There are many websites, phone apps, and books telling us how to “be green,” “save energy” or “reduce your carbon footprint.” There are dozens of labels claiming a product is ecofriendly or carbon neutral. But just having that information doesn’t mean that we will use it. Which sources can we trust? Why should we be motivated to do what they say? These questions continue to plague those in the advocacy community and those who just want to help others live a more sustainable lifestyle.
Andrew Krause, co-founder of eEcosphere, hopes the app can help address these problems. It offers sharable, easy advice on how to make your life more sustainable.
“Our vision is to help people, specifically millennials, connect with actionable ideas in their network so they can work together, near each other or from afar, on the causes that matter to them,” Krause told The Huffington Post. He says he knows they cannot compete with general social networks like Facebook and Twitter, so they hope to use them as a tool to spread sustainable ideas.
When it comes down to it, Krause says, trust is more important than information in decision making. On top of this, the main source of behavior change is social comparison -- "people like to be similar to others," he says. That's why sharing and seeing what others are doing makes up a big part of eEcosphere. The app will allow users to cooperate on different sustainability goals that are straightforward and specific, for example suggesting that you "bring a takeout container to a restaurant" instead of just "reduce food waste."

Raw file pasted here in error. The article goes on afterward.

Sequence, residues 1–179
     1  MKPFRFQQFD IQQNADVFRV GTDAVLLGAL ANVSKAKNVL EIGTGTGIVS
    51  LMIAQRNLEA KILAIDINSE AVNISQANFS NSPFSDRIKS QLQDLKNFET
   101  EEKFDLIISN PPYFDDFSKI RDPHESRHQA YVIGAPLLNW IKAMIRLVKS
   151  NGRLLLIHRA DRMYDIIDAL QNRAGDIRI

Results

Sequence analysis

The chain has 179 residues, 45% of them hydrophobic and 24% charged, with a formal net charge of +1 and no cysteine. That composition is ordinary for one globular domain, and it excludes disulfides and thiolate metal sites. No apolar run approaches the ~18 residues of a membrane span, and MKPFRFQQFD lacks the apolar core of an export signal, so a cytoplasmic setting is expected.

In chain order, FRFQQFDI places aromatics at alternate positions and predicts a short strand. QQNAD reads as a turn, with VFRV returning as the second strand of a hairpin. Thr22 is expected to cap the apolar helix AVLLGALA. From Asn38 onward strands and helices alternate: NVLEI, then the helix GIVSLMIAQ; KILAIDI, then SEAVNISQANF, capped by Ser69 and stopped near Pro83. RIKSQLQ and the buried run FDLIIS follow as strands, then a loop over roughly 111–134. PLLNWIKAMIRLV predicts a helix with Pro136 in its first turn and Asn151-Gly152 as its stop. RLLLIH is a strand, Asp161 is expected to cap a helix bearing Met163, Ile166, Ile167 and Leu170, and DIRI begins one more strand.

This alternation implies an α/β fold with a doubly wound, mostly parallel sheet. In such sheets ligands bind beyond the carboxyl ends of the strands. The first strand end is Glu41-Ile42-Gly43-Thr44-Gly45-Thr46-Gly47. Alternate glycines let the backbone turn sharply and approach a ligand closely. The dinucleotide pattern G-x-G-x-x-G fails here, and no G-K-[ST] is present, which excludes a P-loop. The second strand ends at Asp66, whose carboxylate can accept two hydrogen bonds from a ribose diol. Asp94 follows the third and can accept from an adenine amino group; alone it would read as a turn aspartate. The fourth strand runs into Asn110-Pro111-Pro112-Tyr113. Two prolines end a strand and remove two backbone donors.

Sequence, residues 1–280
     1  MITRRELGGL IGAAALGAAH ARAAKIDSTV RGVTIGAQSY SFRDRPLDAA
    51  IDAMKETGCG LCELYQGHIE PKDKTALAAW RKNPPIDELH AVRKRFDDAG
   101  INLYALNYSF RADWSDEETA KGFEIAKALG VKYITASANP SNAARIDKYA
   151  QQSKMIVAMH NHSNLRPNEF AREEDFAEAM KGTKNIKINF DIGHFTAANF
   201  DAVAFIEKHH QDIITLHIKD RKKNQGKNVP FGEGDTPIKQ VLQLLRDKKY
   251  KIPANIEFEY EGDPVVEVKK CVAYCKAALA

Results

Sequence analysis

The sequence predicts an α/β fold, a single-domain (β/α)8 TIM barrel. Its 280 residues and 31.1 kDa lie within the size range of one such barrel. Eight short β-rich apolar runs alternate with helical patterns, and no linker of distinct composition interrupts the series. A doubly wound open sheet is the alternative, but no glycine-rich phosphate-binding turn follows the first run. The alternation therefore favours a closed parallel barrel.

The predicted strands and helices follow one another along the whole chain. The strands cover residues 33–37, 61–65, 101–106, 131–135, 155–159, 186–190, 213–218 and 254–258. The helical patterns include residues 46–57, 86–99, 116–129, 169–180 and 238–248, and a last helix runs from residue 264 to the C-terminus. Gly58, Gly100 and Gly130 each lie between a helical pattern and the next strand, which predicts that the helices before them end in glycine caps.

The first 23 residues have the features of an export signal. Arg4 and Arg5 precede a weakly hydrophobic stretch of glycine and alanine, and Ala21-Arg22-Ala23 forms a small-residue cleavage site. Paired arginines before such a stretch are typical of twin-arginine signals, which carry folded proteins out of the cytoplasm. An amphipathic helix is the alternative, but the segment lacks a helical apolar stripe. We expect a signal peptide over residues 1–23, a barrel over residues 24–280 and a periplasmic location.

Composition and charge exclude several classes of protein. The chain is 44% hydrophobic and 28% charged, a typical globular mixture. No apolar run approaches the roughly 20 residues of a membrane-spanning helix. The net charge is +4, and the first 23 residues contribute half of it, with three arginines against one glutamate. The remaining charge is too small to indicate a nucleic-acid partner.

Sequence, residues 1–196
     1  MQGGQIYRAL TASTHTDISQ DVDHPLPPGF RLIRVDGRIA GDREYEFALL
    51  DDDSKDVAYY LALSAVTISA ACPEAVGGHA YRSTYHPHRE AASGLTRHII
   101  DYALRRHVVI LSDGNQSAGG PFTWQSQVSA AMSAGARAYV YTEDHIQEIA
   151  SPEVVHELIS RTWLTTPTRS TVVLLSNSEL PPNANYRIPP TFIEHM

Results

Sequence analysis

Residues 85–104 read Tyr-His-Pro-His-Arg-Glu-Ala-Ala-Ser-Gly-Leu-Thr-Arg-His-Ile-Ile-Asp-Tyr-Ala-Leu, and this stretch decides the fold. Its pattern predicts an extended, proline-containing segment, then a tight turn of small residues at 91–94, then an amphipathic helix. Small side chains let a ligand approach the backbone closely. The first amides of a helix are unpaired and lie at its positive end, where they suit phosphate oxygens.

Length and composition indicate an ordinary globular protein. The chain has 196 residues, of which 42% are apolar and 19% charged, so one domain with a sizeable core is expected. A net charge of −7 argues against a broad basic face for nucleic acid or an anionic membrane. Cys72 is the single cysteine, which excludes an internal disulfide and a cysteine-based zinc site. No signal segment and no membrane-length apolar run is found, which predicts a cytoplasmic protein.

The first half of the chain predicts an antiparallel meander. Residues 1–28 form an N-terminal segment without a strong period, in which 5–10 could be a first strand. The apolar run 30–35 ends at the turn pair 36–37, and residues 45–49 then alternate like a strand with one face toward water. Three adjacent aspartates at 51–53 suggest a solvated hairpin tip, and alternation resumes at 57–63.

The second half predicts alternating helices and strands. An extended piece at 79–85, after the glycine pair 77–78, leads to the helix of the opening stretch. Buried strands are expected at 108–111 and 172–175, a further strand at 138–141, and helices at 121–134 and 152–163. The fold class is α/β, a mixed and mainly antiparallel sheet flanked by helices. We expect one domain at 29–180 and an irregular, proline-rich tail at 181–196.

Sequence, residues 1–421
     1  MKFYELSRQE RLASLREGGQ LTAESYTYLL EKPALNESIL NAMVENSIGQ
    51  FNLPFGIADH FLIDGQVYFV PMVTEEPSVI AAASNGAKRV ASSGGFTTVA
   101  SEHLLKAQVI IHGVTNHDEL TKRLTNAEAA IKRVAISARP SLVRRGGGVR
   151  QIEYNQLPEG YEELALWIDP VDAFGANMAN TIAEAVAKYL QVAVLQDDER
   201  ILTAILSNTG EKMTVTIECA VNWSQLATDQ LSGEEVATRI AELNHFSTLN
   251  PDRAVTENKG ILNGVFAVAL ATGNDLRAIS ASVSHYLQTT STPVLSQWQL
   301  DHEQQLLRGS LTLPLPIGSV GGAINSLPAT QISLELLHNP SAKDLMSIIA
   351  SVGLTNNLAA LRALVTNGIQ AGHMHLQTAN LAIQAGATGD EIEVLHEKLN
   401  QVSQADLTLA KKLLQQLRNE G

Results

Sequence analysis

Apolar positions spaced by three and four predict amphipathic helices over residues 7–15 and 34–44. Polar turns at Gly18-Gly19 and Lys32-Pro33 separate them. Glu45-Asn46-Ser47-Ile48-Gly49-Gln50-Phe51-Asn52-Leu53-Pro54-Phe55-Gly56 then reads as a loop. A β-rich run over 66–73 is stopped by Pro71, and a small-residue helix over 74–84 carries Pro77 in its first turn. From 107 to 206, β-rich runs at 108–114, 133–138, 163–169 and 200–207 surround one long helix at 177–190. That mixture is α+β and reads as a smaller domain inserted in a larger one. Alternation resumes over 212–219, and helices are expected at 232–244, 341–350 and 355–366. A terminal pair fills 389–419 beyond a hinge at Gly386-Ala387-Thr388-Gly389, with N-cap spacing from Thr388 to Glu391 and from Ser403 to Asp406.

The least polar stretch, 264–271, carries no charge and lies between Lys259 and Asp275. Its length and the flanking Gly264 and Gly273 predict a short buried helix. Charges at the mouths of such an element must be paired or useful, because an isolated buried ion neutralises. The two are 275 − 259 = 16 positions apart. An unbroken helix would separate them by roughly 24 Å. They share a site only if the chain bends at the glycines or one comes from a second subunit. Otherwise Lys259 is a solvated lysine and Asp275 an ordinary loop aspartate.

eEcosphere's developers hope to use collaboration and planning to make you and your friends more sustainability-minded. The app allows you to complete “challenges” to figure out how to green a certain area of your life and add these ideas to your “plan.” It also allows any user to post ideas for being more sustainable. User’s suggestions range from the familiar – “hang your clothes to dry” – to the more out there “stop washing your jeans.”
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The app also features ideas from businesses with sustainable ideas – for example, a challenge by Justin’s, an all-natural nut butter company, helped users figure out how to make their homes more bee-friendly to help protect vital bee populations.
Once you complete an idea, you post a picture of it. When you complete “the eat less meat” idea, for example, post a picture of the water-saving, emissions-reducing vegetarian dinner you made. This then shows up as a completed idea on your plan. You can see what your friends and others are completing and share on Facebook and Twitter. The app's developers hope that because sharing is easy and because photos add transparency and accountability, they will be able to create a network of sharing personal, actionable ideas.
The app has been released for iOS and you can download it here. Krause says they hope to build the app and its community "around the lifestyle that people want using sustainability as a lens, not a destination."
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